I read a totally bizarre press report last week about Barry Sheerman MP, Chair of the House of Commons Children, School and Families Committee. Sheerman and other members of the Committee grilled Christine Gilbert, Head of Ofsted, in the wake of Baby P’s death and the conviction of the adults who should have cared for him.
Sheerman was apparently surprised at the figure given by Gilbert of 282 child deaths in the 16 months to August 2008, with 210 being attributable to abuse or neglect. He is reported as saying, “You have brought to us the most horrific figures I’ve ever seen brought into the public domain”.
The figures are shocking, and a real indictment of the way our society treats children. But why on earth was Sheerman surprised? The data on child deaths was included in Ofsted’s annual report , published on 19th November 2008. Presumably Barry hasn’t got around to reading it yet. He’s obviously a very busy man, but someone heading up a Select Committee that’s investigating child protection might have brought himself up to speed before a key meeting.
It isn’t just November’s report that Barry missed. The November data was an update of figures released by Ofsted in early July in a detailed report entitled Safeguarding Children. Again, Barry and his researchers seem to have missed the report – and gone on missing it for the last five months.
The reality is that around 150 children each year in the UK are likely to die as a result of abuse or neglect. Recent research published in the Lancet flags up that around a million children in the UK experience physical, sexual, or emotional abuse or neglect. A press summary is here. Barry Sheerman probably missed this research as well.
Blaming individual social workers for a society where a million children suffer harm isn’t particularly useful. Even Barry Sheerman got this half right, commenting “There is something deeply wrong with a society with this number of child deaths a year and a child protection system that does not save them” (my emphasis).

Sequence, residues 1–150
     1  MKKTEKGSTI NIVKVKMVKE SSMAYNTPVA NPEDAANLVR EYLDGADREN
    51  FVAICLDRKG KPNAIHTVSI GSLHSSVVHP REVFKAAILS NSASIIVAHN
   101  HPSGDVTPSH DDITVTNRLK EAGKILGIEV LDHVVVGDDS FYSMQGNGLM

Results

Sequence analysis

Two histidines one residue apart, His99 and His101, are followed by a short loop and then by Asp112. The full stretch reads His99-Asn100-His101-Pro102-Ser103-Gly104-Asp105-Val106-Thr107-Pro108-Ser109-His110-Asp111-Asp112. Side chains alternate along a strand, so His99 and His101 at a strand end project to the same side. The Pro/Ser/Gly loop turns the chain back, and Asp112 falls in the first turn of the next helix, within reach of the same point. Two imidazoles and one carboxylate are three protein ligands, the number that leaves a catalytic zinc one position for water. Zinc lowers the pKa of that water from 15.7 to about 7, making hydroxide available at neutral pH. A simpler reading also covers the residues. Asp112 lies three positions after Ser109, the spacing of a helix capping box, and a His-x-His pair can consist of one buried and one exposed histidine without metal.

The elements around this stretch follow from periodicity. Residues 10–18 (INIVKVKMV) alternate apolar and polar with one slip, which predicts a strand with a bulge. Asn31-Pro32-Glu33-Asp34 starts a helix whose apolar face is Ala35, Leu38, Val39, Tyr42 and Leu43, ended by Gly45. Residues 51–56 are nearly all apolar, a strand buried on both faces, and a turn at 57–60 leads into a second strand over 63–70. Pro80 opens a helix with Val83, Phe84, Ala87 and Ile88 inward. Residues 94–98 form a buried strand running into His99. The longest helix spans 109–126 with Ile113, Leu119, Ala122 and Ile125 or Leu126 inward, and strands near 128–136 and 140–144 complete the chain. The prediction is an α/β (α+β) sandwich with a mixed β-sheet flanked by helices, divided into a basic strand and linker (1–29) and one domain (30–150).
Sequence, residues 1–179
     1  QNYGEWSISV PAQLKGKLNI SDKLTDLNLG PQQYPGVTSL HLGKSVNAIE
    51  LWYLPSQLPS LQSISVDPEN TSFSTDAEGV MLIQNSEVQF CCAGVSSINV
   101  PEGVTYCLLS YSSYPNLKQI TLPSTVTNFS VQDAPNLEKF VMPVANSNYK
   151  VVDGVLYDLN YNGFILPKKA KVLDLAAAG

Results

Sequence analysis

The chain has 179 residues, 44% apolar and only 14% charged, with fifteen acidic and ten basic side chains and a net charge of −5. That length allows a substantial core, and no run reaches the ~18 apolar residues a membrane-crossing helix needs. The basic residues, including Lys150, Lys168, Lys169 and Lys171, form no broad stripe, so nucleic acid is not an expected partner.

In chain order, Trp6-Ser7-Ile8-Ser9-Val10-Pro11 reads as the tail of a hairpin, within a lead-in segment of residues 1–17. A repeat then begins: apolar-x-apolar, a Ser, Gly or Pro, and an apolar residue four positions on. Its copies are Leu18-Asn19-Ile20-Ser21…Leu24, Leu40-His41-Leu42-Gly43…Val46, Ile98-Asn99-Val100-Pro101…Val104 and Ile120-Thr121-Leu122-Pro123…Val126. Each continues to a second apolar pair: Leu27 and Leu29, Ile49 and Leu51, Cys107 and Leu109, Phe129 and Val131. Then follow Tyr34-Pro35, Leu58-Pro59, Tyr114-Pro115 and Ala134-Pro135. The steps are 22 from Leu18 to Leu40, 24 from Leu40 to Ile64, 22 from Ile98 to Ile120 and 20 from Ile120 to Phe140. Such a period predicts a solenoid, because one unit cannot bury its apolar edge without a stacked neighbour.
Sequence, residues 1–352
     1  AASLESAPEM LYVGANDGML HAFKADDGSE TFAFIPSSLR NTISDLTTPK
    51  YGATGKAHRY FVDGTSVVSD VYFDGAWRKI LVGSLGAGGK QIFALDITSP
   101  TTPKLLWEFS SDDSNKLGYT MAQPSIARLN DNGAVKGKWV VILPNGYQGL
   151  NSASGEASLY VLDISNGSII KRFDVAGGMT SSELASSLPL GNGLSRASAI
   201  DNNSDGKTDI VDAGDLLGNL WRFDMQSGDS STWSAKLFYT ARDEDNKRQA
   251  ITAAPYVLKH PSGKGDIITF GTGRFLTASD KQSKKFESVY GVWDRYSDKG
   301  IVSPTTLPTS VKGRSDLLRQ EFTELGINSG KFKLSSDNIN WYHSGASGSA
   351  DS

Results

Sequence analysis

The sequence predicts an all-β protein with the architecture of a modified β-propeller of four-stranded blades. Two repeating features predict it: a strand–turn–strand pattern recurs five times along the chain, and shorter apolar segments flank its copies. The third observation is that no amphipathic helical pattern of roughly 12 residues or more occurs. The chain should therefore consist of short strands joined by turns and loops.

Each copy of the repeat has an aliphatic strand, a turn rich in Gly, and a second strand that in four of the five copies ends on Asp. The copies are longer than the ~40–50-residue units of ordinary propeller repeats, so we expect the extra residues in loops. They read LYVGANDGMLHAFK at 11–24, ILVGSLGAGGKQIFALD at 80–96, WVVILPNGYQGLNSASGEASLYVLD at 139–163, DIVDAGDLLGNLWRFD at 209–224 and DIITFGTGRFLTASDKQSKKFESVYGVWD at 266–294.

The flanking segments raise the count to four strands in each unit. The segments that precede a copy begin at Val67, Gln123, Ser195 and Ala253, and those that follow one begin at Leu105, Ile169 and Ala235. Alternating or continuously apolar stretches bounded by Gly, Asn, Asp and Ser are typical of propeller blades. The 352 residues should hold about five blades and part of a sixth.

Of course child protection procedures can and should be improved. But can an effective child protection system on its own deal with the problems faced by children in the UK? A recent review of child deaths and serious injuries from abuse and neglect highlighted the overwhelmingly strong link with social deprivation. And the issues are far wider than child abuse and neglect. Will a child protection system tackle the plight of the 3.9 million children in the UK living in poverty? Will a child protection system reduce the health inequalities of poor children, or end a situation where children from poor families are thirteen time more likely to die than children from rich families? The UK locks up more children than any other country in Europe. Will a child protection system sort that one out? Probably not.
If we’re serious about the welfare of children, then we have to demand that Sheerman and his pals take responsibility for the policies of their own Government. Poverty kills children – through illness, accidental death, and through child abuse and neglect. Hysterical witch hunting of social workers solves nothing. Shouting at the boss of Ofsted isn’t all that useful either. Sheerman might usefully stop shouting and try a bit of thinking.
The wider political context, though, is a frightening one. The economic crisis will drive more families into poverty. Labour’s assault on the welfare state will sharply increase family stress and poverty. The likelihood is that the number of children experiencing abuse or neglect will increase, however good we get at tightening up our child protection policies and procedures.